In Dragon Blade, the epic conclusion to the story begun in Dragon Fate, Delno Okonan, his draconic bond-mate, Geneva, and their allies among the Dragons and Riders are once again caught up in events controlled by unseen forces, and they must uncover the real secrets behind the death of a senior Dragon Rider and the sudden rise of the Roracks, ancient enemy of dragons and men, to defeat a threat that could destroy them all and leave the world they know forever altered.
Maer: Do either of the books work as a stand-alone or are they definitely part of a series?
J.D.: Dragon Fate and Dragon Blade are both part of the War of the Blades series. Dragon Fate works as a standalone, but also sets the stage for the events in Dragon Blade.
Maer: Which of your characters, other than your MC, is one of your favorites to write and why?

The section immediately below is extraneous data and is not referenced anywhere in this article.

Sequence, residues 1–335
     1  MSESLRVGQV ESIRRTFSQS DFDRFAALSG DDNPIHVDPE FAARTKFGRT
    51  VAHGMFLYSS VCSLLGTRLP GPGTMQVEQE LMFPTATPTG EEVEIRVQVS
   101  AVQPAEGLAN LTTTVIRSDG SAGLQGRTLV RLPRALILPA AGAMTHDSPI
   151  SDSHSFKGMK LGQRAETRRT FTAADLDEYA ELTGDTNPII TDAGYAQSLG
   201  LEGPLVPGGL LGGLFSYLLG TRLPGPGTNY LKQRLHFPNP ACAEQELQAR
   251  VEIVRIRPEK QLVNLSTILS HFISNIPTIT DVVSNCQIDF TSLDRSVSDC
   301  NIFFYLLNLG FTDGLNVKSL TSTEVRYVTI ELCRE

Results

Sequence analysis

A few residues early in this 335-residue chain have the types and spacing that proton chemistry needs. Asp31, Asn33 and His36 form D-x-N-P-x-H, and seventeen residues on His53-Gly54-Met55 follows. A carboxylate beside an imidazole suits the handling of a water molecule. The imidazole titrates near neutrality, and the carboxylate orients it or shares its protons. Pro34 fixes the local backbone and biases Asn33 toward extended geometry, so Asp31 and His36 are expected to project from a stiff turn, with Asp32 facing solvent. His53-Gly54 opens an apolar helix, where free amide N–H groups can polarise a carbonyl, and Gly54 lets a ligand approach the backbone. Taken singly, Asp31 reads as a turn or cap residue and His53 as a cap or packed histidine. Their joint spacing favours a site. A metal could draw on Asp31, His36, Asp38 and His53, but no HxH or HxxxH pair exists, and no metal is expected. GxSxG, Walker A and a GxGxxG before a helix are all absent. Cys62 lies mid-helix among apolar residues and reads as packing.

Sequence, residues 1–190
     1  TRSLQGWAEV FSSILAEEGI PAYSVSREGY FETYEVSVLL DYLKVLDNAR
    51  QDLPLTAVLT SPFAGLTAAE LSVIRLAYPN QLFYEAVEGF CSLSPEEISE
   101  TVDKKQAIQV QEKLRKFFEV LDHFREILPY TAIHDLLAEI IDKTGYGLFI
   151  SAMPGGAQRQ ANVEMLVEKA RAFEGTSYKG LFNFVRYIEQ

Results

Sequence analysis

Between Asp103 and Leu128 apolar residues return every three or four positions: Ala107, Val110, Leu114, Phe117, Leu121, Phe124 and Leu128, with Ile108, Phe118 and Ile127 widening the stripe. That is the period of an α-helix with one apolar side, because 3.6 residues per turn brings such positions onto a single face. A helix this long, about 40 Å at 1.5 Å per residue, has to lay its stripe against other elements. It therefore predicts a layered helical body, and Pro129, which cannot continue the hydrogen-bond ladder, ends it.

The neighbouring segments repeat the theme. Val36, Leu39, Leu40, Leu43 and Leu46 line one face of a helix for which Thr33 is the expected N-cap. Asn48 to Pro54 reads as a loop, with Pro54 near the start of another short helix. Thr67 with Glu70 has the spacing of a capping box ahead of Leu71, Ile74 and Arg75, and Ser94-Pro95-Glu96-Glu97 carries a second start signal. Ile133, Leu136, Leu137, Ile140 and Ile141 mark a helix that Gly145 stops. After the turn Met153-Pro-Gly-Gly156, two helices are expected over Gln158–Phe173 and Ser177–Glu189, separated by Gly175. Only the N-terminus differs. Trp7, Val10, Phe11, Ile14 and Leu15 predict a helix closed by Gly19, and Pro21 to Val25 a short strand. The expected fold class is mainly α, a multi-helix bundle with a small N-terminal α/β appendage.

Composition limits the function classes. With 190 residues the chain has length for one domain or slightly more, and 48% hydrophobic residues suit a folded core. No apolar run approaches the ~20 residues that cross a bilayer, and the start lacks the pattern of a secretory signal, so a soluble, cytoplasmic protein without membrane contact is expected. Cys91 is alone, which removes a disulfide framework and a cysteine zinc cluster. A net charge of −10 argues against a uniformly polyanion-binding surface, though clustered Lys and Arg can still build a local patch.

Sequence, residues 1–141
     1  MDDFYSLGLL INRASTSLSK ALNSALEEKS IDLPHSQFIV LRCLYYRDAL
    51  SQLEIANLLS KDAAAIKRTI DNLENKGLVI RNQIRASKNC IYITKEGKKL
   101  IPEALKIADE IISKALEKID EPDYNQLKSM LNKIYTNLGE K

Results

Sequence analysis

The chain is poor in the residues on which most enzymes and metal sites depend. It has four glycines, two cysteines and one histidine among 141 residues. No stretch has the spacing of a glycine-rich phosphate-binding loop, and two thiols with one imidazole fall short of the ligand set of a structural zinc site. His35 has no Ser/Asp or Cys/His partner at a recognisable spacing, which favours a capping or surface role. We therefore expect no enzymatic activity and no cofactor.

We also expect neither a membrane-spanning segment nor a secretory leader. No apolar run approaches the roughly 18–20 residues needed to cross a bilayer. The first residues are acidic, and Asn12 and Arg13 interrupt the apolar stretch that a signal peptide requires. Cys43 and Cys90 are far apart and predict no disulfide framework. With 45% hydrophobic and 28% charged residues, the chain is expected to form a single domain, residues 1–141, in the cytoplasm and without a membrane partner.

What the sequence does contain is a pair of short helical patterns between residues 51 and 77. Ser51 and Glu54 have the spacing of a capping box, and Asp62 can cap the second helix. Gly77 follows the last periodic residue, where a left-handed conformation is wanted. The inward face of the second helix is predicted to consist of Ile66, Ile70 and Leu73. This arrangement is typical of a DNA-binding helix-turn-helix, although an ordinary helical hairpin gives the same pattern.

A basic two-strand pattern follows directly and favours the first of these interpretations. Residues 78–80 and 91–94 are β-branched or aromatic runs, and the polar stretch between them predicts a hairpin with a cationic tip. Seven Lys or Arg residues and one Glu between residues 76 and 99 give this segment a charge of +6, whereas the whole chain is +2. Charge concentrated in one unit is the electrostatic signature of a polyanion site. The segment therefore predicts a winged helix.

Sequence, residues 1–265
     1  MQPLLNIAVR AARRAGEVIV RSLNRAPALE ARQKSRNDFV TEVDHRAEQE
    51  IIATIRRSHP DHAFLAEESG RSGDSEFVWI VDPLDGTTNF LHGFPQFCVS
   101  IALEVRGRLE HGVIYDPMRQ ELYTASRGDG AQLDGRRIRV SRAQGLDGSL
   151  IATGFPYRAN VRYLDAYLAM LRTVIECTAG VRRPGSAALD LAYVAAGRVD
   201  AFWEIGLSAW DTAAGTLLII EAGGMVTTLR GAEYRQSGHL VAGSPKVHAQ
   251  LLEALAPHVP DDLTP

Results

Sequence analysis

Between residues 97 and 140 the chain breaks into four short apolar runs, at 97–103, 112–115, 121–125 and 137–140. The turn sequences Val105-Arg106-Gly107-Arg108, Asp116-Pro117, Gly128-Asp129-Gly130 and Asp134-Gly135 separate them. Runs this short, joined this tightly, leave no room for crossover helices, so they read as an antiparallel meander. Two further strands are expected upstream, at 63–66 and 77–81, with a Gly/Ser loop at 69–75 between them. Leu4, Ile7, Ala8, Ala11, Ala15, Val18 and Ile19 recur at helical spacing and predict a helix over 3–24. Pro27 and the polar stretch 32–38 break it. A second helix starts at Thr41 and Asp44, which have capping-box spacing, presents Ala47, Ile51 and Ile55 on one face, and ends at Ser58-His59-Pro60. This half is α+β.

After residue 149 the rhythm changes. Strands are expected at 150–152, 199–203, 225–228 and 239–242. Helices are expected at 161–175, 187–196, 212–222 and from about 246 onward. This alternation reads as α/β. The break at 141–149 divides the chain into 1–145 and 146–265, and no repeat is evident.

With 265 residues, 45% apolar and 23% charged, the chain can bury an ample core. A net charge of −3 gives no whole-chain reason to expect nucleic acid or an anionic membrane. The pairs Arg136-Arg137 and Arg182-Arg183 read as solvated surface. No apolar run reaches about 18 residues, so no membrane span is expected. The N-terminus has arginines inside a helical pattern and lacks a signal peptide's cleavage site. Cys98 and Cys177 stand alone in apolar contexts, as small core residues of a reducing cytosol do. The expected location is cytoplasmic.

J.D.: My favorite character to write is whichever one I am writing at that moment. If I don’t enjoying writing it, generally, you’re not going to enjoy reading it.
Maer: If you had to pick a color to describe your MC what would that be and why?
J.D.: “Not yellow,” is the closest thing to an answer to this question that you are likely to get from me. My characters, including my dragon characters, are people. People can’t usually be described by a few superficial qualities without it taking away substantially from the total picture of who they are.
Maer: Who are your favorite authors to read?
J.D.: Choosing a favorite author is almost impossible. It really depends on what I am in the mood for. I read a lot, and in many different genres, and for most of the authors I’ve read, there are books of theirs I liked and other books that I didn’t care for so much. For my “favorite” fantasy and SF authors, you could just start with Isaac Asimov and go through to Roger Zelazny. If I had to narrow it down, J.R.R. Tolkien, Robert A. Heinlein, and Shelby Foote would be near the top.
Maer: Can you tell us anything about your current project?
J.D.: Sure. There are three dragon books that would all qualify for the title of “my current project.”